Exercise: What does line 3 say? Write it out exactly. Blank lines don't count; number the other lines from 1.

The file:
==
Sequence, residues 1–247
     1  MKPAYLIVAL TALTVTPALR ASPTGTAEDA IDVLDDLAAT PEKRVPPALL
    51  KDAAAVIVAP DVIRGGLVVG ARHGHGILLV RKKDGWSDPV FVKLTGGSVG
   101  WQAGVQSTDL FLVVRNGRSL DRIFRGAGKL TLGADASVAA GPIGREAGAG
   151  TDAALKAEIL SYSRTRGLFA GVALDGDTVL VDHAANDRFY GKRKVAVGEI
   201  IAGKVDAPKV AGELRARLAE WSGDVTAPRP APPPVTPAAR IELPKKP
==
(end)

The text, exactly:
    51  KDAAAVIVAP DVIRGGLVVG ARHGHGILLV RKKDGWSDPV FVKLTGGSVG